Articles Posted in US Court of Appeals for the Fifth Circuit

by
The Fifth Circuit affirmed the district court's denial of petitioner's 28 U.S.C. 2254 petition for habeas corpus relief, holding that the Mississippi Supreme Court's decision was not contrary to or an unreasonable application of clearly established law. The court held that Grim v. Fisher, 816 F.3d 296 (5th Cir. 2016), barred petitioner from habeas relief. Grim applied Bullcoming v. New Mexico, 564 U.S. 647 (2011), to a case in which a crime laboratory supervisor -- rather than an analyst, as in the case here -- testified at trial, and held that such testimony did not violate clearly established law. View "Jenkins v. Hall" on Justia Law

by
The Fifth Circuit reversed the district court's denial of petitioner's ineffective assistance of counsel claim. The court held that the magistrate judge should have held an evidentiary hearing to investigate petitioner's allegations of an actual conflict of interest, and failure to do so was an abuse of discretion under established precedents. In this case, petitioner presented evidence that his counsel advised one of his co-defendants to plead guilty, prior to his own plea agreement, and that his counsel did so in a manner that prejudiced petitioner's defense. View "United States v. Harrison" on Justia Law

by
The Fifth Circuit vacated defendant's conviction for transporting aliens for commercial advantage or private financial gain, and remanded for a new trial. The court held that the government's introduction of videotaped depositions of two material witnesses at trial violated defendant's rights under the Confrontation Clause because the government failed to demonstrate the witnesses were unavailable. The court held that the government's efforts to secure the presence of the witnesses did not meet the good faith standard. Furthermore, the error was harmful because the government could not demonstrate beyond a reasonable doubt that the videotaped depositions of the material witnesses did not contribute to defendant's conviction. View "United States v. Foster" on Justia Law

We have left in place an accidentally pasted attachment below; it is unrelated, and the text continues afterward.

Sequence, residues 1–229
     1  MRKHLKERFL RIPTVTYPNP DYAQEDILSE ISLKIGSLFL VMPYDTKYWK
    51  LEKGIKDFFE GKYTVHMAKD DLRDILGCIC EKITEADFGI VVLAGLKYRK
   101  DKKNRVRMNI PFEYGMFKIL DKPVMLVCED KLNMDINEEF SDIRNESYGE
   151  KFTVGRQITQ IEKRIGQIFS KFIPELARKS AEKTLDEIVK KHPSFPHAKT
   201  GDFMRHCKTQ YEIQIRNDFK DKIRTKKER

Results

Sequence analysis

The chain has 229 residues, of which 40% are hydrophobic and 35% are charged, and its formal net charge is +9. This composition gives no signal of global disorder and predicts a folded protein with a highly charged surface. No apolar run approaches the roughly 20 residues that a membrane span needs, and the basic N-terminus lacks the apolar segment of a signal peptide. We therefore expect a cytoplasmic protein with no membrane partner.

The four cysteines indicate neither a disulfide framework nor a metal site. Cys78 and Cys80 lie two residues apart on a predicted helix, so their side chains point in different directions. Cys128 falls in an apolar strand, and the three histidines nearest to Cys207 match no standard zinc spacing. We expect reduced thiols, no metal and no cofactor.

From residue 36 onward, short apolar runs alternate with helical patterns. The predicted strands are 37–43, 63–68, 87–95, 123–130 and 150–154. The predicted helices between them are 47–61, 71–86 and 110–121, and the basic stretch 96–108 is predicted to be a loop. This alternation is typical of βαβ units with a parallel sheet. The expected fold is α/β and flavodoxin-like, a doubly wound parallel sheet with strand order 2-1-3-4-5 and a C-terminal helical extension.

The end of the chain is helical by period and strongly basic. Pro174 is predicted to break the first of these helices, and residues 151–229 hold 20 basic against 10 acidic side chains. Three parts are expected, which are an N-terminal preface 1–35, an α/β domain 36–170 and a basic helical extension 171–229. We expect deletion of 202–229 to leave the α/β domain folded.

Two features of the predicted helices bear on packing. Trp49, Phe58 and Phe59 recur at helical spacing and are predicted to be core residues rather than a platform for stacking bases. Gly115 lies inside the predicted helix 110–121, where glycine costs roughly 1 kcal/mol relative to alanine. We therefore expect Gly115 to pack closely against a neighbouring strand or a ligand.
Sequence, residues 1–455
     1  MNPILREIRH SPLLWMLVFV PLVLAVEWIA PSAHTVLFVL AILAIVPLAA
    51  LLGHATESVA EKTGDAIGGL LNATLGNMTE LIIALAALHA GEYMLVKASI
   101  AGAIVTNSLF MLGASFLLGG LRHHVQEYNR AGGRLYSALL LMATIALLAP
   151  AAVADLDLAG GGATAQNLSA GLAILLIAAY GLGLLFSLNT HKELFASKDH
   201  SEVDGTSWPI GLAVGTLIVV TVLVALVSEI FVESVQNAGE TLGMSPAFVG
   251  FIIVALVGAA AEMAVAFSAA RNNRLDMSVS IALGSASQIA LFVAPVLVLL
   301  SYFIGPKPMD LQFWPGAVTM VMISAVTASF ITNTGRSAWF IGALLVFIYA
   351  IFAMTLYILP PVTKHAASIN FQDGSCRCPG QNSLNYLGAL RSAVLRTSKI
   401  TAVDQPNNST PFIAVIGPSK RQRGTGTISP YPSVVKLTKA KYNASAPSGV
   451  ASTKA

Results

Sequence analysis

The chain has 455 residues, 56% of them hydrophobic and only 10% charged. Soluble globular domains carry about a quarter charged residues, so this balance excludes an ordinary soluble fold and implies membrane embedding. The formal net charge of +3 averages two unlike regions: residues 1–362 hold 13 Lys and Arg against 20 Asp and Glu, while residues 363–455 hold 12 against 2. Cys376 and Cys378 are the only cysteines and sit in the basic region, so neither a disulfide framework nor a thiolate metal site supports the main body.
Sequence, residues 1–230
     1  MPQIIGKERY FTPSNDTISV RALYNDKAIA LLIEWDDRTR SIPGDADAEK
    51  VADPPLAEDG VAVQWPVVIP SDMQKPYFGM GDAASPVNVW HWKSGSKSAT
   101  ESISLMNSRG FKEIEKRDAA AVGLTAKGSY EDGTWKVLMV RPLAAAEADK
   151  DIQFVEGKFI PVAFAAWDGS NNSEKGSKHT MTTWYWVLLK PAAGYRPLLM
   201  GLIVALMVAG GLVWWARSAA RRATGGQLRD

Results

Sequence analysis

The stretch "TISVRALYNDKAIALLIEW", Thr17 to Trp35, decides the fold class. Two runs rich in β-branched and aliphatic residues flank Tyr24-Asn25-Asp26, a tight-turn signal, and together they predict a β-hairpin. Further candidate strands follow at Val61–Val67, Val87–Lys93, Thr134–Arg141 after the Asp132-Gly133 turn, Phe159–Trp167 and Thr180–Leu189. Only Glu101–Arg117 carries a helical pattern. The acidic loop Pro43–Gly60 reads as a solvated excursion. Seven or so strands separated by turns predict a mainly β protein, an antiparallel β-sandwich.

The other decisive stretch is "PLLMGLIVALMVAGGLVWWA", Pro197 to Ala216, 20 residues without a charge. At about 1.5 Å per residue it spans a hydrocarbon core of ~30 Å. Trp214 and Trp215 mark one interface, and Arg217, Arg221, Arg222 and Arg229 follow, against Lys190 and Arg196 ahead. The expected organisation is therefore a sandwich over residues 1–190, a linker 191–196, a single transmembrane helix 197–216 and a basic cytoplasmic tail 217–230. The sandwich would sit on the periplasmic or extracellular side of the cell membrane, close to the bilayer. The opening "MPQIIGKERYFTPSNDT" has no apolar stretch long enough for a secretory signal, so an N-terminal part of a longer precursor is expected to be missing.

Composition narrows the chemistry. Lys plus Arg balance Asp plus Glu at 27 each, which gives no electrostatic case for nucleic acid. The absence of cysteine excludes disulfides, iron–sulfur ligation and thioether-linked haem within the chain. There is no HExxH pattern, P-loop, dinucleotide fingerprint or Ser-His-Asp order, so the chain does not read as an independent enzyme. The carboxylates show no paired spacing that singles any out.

by
The Fifth Circuit vacated defendant's sentence after he pleaded guilty to kidnapping and drug charges. The court exercised its discretion in reviewing the district court's application of the sentencing guidelines and held that the district court sentenced defendant to 420 months in prison, which was 93 months higher than the top of the correct guidelines range. The court held that the district court's miscalculation of defendant's sentencing range constituted plain error. Therefore, the court remanded for resentencing. View "United States v. Douglas" on Justia Law

by
The Fifth Circuit affirmed the district court's dismissal of a petition for habeas corpus relief based on the ineffective assistance of counsel (IAC). The court held that the district court correctly determined that the one-year limitation period began on August 7, 2012, and therefore petitioner's IAC claim was time-barred. Likewise, the court also held that petitioner's IAC claim was procedurally foreclosed because petitioner failed to show the cause of his default where the factual predicate of the IAC claim was reasonably available at the time of his first petitions. View "Ford v. Davis" on Justia Law

by
The Fifth Circuit affirmed defendant's 50 month sentence after he pleaded guilty of illegal reentry after removal. The court held that, although defendant was correct that the district court erred in scoring three prior convictions, he failed to demonstrate that the error affected his substantial rights. In this case, the district court's statements substantiated that there was no reasonable probability that defendant's sentence would have been different had the district court used the correct guideline range of 21 to 27 months instead of 24 to 30 months. View "United States v. Nino-Carreon" on Justia Law

by